Things fall apart
9th July 13
Posted in Brands
AUTHOR: JIM CARROLL, CHAIRMAN, BBH LONDON
‘Turning and turning in the widening gyre
The falcon cannot hear the falconer;
Things fall apart; the centre cannot hold;
Mere anarchy is loosed upon the world.’
The Second Coming – WB Yeats
For as long as I can remember things have been falling apart. Fragmenting, segmenting,
I feel that for the entirety of my career we have been seeking coherence in an ever more fragmented world. Endeavouring to establish order in the disorder, to shape the sometimes shapeless, to find patterns in the mayhem of modern marketing.
In my early days we were arguing for campaigns not executions, continuity not chaos. Fighting against ‘goldfish advertising’.
Then as channels disbursed, as tasks multiplied, as Clients centralised, we advocated The Big Idea: the conceptual glue that held the brand together, that gave it a collective purpose. In time I also became a convert to the unifying power of the aesthetic, to the harmonising force of visual identity.
Of course the quest for coherence sometimes felt like swimming against the tide. It came with a loss of spontaneity, at a cost to creative freedom, with the risk of regimentation. But I always felt that coherence was worth it. Because I believed in the active, authorial, unitary brand; in a brand that brought more to the table than a willingness to please; in a brand that meant something to everyone, not anything to anyone.
I have occasionally wondered whether we were wrong. Perhaps we should concede that ultimately the centre really cannot hold. Perhaps in the age of the social web we should let go of the tiller, move with the tide, submit the brand to the ebb and flow of consumer needs and desires, whims and passions; liberate it from its corporate shackles to find its own articulation in the mouths of the crowd.
But I think I’m quite a conservative bloke. I can’t relinquish my belief in the unitary brand, however fragmentary its experience. And curiously the social web, with all its wild diversity and anarchic soul, has also given hope to Coherents like me.
‘Today, after more than a century of electric technology, we have extended our central nervous system in a global embrace, abolishing both space and time as far as our planet is concerned.’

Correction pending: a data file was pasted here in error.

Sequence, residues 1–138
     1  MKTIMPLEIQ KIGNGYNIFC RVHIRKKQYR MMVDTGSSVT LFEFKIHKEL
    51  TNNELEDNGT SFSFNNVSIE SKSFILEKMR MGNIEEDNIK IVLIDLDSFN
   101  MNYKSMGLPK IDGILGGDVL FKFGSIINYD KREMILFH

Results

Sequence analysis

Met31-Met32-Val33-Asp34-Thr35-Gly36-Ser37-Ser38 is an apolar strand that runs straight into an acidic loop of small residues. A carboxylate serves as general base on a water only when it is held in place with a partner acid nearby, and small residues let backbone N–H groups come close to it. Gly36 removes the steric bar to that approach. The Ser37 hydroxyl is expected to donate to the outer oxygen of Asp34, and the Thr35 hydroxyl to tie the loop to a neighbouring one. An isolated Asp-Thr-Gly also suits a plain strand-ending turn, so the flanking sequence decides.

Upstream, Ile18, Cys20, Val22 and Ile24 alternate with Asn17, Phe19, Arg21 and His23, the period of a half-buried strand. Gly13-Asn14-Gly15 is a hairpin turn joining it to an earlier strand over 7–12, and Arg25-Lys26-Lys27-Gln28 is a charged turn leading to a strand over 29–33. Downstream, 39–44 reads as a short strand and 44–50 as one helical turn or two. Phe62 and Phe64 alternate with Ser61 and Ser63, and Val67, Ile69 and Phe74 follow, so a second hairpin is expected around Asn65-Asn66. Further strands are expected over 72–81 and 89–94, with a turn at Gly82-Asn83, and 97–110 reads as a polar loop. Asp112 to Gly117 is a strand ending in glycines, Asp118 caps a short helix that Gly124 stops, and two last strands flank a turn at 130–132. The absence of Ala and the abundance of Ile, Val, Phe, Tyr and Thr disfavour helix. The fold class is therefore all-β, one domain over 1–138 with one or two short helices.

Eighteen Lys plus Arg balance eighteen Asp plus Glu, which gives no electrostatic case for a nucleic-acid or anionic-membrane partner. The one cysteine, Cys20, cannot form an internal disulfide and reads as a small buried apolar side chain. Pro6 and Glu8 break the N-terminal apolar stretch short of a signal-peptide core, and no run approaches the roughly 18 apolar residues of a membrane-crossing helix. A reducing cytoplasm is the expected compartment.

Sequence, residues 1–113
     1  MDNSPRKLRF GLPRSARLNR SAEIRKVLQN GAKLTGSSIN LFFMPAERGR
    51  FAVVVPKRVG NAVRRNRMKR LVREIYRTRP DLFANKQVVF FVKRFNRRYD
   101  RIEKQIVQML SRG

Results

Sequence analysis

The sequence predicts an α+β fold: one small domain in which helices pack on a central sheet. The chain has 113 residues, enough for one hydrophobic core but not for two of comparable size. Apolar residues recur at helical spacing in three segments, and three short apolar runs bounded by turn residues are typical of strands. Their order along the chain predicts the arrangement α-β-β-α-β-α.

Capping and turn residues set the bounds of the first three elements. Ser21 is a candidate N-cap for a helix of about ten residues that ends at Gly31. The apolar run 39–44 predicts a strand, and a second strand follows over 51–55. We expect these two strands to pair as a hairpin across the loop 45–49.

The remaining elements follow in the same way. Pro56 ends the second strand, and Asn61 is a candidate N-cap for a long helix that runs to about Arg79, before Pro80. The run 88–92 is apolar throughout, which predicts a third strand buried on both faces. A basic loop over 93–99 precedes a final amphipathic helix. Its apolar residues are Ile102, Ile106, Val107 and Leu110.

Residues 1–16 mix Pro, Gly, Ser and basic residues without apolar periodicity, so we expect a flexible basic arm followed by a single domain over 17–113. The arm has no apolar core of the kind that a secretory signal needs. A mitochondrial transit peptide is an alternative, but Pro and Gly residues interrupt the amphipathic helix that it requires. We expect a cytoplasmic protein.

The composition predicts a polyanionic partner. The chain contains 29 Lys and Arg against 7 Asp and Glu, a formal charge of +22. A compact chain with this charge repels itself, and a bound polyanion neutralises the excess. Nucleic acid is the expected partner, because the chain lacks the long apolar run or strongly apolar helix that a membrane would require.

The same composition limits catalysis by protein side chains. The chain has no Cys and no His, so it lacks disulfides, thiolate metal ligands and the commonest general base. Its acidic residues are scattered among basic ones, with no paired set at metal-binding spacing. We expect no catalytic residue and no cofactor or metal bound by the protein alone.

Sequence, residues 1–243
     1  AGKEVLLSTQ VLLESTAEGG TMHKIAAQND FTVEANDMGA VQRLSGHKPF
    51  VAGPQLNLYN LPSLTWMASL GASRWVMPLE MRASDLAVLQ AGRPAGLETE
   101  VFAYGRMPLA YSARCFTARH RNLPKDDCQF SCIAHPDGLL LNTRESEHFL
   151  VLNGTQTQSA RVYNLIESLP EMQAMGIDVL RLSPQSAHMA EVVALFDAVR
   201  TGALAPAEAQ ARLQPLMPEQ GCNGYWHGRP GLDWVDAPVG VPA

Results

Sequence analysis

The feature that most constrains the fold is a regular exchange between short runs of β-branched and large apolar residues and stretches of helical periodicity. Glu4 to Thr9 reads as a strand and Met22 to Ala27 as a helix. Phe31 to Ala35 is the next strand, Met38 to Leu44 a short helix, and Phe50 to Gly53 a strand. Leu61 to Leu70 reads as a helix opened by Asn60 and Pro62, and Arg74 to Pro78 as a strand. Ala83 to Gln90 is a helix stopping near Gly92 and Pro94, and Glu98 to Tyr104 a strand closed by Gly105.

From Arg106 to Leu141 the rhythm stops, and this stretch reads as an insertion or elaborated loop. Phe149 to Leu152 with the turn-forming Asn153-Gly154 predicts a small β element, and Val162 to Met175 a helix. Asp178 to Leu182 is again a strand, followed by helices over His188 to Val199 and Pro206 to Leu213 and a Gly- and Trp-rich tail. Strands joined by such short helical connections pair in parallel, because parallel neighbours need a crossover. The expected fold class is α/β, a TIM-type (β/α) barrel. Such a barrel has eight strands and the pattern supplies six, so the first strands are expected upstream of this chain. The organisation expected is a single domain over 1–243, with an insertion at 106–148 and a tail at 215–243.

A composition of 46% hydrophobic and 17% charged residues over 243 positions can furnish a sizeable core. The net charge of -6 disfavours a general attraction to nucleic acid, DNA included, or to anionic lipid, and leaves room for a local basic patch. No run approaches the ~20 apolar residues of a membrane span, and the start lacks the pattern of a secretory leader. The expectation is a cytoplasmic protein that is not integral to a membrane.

Marshall McLuhan – Introduction to Understanding Media (1964)
As a young Planner in the early ’90s I read Marshall McLuhan’s Understanding Media, a book written the year I was born. I wanted to learn about the thinking behind such legendary phrases as ‘the medium is the message’ and ‘the global village’. I discovered a whole lot more. It was an ambitious, lyrical, imaginative work. It was brilliantly passionate, fantastical,
I was particularly struck by the image of man in the electronic age extending his central nervous system beyond the constraints of physical form to reach out across the world. Wow! It was pure science fiction, of course, but it was a beautiful thought. Some years later I realised McLuhan had been predicting the arrival of the Internet…
The image of a world wide central nervous system has remained attractive to a lifelong believer in brand coherence. Because it’s an image that can be applied as much to brands as to people and things. It suggests that brands can embrace a glue more powerful than any corporate structure, conceptual definition or visual identity. Modern brands are finally capable of creating their own neural networks, their own central nervous systems.
So of course we should be introducing connectivity to everything we do right now, right the way across the path to purchase. Of course we should all be designing brand ecosystems and ecologies with bold, bright enthusiasm. Because at last we can see the reality of neurally networked brands which are sensitive, responsive and feeling. Brands which learn, think and evolve. And above all brands which are coherent and whole.